With Haiti in Ruins, Some U.N. Relief Workers Live Large on ‘Love Boat’
Make no mistake, I feel next to nothing for the Haitian people. This story is all about the UN and it’s hypocrisy.
For the United Nations World Food Program, it was a moment of satisfaction: the U.N.’s flagship relief agency announced on its Web site on March 19 that two gleaming passenger ships had docked in ravaged Port au Prince harbor.
What the Web site announcement did not disclose was that the vessels were intended to house not homeless Haitian refugees, but employees of the U.N. itself. Nor did it publicize the cost of leasing the ships: $112,500 a day. Nor did it mention that one of the vessels is owned by a company closely linked to the government of Venezuelan strongman President Hugo Chavez.
Another thing not mentioned: Even U.N. staffers regularly refer to one of the ships as “the Love Boat.”
Then the WFP apparently had second thoughts about the whole announcement.
A slideshow photo essay had shown the two vessels, the Ola Esmeralda and the Sea Voyager, at berths near the earthquake-shattered Haitian capital. Then the photos and the story disappeared, not only from the home page but apparently from the WFP’s public news story Web archive. The official explanation from a WFP spokesman: “Photos, text and video material are regularly being added and removed from WFP’s Web site as stories are refreshed, restructured and replaced.”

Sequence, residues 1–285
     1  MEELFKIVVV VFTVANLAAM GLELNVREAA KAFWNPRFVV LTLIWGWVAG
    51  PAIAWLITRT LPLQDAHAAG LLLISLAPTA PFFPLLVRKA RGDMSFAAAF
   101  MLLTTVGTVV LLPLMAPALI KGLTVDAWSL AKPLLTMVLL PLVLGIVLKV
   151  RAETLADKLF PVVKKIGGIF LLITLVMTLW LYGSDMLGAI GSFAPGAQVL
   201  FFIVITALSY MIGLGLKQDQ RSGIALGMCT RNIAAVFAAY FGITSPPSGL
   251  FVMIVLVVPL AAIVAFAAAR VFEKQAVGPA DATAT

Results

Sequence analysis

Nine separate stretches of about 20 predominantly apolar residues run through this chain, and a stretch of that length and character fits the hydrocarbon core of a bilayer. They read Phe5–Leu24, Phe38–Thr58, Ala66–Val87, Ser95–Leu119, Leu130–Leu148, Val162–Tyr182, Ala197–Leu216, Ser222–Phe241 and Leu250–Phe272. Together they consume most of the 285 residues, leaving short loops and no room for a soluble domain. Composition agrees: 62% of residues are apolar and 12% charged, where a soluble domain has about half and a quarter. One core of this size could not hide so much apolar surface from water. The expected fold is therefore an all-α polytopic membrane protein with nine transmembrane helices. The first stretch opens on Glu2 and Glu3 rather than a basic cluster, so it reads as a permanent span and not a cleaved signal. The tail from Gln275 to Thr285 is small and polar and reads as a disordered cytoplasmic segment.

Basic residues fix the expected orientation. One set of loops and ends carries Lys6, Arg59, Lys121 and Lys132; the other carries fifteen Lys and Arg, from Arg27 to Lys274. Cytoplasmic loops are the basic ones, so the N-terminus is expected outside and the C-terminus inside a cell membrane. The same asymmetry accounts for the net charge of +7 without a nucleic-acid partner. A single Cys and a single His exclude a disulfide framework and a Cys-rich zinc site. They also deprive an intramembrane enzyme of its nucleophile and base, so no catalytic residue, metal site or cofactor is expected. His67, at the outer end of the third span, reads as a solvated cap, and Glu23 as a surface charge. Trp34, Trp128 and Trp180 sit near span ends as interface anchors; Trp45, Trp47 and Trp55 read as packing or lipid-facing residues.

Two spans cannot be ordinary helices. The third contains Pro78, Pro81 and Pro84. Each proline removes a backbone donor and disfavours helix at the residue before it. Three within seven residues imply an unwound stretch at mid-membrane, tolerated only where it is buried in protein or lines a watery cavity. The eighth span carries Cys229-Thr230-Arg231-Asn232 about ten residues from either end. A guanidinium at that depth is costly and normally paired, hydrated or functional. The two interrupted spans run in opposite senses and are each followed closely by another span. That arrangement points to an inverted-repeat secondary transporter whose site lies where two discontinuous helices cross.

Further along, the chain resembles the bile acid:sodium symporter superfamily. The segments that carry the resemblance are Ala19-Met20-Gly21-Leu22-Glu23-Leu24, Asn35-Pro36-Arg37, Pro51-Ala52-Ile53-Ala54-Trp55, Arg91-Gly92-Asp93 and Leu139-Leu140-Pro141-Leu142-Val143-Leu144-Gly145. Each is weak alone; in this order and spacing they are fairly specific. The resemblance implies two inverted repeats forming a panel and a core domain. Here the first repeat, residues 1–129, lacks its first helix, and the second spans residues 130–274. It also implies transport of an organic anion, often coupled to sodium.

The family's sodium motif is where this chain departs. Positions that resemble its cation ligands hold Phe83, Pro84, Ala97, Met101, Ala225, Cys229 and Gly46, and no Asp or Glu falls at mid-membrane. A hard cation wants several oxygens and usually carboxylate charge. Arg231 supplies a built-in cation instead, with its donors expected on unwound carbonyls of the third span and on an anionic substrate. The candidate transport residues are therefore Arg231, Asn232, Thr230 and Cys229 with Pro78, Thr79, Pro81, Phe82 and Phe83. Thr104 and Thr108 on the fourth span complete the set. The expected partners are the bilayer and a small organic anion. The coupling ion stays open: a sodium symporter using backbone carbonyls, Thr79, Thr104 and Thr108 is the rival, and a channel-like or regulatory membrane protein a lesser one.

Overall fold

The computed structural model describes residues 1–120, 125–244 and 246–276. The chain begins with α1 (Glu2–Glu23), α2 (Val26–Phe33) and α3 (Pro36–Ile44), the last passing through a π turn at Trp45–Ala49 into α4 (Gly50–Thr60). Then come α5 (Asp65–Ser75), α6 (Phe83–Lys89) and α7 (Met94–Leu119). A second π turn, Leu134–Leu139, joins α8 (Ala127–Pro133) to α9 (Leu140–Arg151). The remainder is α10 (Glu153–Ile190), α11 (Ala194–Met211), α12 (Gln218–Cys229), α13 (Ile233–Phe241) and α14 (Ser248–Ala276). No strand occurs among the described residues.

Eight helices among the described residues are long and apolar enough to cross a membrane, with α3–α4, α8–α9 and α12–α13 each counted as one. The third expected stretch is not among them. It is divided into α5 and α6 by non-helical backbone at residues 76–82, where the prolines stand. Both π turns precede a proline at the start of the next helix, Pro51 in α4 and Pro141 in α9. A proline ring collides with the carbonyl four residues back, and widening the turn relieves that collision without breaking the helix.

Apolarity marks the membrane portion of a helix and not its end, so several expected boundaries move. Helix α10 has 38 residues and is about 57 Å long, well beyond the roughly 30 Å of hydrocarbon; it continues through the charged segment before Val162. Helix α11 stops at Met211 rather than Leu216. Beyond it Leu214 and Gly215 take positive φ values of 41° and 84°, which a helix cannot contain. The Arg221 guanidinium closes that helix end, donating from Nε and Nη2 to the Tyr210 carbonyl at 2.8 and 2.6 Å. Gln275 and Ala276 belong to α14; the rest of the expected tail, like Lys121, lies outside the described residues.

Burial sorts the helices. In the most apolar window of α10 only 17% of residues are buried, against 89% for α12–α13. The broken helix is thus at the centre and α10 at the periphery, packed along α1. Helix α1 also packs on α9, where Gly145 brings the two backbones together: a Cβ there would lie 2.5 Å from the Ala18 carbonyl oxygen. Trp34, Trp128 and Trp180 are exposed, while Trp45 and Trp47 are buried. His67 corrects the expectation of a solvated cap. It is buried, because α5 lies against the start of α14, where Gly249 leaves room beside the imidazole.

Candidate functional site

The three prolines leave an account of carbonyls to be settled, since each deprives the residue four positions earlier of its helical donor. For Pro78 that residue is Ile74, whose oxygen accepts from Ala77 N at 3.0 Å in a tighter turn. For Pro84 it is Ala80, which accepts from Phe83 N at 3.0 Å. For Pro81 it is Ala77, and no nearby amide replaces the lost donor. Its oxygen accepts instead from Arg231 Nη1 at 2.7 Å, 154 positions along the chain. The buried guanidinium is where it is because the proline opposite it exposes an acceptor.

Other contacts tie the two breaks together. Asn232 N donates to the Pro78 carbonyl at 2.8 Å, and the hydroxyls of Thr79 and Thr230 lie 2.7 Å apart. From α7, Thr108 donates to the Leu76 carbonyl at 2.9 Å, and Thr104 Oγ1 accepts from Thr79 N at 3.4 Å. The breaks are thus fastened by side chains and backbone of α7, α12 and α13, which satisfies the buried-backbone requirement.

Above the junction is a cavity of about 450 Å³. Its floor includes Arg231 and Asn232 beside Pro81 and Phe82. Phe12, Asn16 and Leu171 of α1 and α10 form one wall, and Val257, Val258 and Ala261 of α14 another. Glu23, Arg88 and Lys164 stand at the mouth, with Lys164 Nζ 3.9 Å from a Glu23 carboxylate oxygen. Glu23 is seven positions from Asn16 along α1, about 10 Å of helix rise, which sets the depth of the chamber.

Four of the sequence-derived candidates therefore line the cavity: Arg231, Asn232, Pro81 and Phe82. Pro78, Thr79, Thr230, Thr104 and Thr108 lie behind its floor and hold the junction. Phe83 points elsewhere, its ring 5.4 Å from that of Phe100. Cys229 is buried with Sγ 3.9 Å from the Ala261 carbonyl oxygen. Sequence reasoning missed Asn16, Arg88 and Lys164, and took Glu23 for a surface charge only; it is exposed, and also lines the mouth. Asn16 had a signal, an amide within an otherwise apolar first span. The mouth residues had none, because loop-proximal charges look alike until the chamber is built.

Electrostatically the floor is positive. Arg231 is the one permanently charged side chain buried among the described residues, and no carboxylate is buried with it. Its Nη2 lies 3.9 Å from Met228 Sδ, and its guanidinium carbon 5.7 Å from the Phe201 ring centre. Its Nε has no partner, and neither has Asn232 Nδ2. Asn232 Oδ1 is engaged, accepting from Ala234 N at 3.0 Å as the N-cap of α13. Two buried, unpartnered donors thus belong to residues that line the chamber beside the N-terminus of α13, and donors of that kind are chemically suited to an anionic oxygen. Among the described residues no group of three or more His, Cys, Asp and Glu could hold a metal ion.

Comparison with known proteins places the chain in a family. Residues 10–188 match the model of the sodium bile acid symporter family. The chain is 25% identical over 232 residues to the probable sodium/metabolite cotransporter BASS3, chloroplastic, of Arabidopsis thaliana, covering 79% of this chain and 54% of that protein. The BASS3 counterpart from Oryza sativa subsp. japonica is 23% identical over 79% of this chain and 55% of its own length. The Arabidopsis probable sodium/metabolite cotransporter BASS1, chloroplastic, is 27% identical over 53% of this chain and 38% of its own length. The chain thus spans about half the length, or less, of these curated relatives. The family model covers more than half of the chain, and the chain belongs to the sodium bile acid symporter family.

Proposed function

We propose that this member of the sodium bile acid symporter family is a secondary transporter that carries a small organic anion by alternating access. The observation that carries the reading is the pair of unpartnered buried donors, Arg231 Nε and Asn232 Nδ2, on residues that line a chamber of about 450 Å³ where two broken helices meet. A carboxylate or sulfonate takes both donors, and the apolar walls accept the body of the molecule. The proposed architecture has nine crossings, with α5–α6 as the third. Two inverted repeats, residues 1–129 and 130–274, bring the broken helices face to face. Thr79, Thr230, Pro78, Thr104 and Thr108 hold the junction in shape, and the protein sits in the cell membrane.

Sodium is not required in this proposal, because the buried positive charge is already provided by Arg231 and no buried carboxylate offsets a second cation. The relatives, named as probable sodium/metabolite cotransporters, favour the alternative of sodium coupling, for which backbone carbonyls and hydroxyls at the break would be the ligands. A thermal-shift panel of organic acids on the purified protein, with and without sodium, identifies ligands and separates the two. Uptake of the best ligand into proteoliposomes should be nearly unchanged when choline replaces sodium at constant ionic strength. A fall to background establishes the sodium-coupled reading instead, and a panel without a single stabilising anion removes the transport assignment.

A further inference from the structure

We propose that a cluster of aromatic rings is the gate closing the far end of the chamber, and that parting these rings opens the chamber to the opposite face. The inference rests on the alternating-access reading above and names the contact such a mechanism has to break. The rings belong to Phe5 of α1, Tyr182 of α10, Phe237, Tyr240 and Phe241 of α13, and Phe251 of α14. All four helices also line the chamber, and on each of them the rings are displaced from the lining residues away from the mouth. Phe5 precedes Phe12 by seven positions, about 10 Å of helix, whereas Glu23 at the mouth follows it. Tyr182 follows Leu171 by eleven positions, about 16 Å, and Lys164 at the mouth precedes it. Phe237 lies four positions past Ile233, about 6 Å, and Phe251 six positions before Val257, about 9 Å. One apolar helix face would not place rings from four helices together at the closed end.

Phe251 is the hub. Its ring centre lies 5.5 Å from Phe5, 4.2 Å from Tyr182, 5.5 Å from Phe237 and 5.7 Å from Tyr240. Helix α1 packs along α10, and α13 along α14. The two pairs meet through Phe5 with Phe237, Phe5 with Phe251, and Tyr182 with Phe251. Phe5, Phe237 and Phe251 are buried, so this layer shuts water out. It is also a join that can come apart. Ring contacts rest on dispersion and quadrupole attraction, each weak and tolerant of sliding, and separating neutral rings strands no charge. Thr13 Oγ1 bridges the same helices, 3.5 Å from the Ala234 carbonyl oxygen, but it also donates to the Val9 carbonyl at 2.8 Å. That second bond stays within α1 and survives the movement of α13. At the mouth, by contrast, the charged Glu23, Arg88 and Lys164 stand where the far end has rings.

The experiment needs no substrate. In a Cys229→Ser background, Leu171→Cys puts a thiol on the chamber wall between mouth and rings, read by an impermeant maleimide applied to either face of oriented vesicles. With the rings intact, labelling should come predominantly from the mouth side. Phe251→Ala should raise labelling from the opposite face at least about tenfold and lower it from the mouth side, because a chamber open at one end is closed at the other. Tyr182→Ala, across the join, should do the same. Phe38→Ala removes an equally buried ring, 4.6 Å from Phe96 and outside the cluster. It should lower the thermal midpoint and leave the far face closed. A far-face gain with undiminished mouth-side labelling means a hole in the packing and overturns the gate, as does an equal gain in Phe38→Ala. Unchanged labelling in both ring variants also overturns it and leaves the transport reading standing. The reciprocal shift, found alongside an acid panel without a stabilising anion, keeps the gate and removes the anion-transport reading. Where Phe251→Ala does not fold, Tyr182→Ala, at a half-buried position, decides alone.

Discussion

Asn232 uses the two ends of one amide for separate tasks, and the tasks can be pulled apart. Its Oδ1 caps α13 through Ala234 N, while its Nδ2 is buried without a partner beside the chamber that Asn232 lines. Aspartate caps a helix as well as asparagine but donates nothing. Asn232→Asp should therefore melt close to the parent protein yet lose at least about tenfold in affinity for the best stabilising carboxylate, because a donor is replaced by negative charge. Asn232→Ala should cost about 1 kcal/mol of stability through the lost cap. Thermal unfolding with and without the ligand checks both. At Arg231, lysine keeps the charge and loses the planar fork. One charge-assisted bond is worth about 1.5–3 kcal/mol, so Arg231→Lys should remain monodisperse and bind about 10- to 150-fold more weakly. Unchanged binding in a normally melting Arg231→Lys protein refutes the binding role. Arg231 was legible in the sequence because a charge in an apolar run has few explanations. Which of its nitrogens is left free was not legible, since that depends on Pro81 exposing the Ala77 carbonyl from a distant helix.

In a city where much of the housing was destroyed by the earthquake, U.N. staffers’ amenities aboard the two passenger ships include laundry service, catered food, hot showers and beds with fresh linens for subsidized rates of $40 per day for WFP staffers, and half that for officials of MINUSTAH.
The mass of Haitian civilians, however, are not among those invited to stay. “I think they understand,” says Mulet. “They have gone through the same trauma themselves. They know we are there to provide shelter for them.”
Mulet compares the situation to what occurs when “oxygen masks come down in a falling plane. The first thing you do is put them on yourself.”
“You have to be in good shape in order to help the Haitians.”
The WFP is renting the 286-foot, 5,000-ton Sea Voyager (capacity: about 220 passengers) for $35,000 per day, plus a whopping additional $5,000 daily for fuel. Total for 90 days: $3,600,000.
The 480-foot, 11,000-ton Ola Esmeralda — which now operates directly under the administrative auspices of MINUSTAH — is renting for $72,500 per day, all costs included.
Total for 90 days: $6,525,000. Average cost per passenger per day (the vessel accommodates 470 plus crew): about $154.25, minus the staff contributions.
Over the lives of their respective 90-day initial contracts, that brings the total outlay for the ships to $112,500 per day, or $10,125,000, minus the staff shares.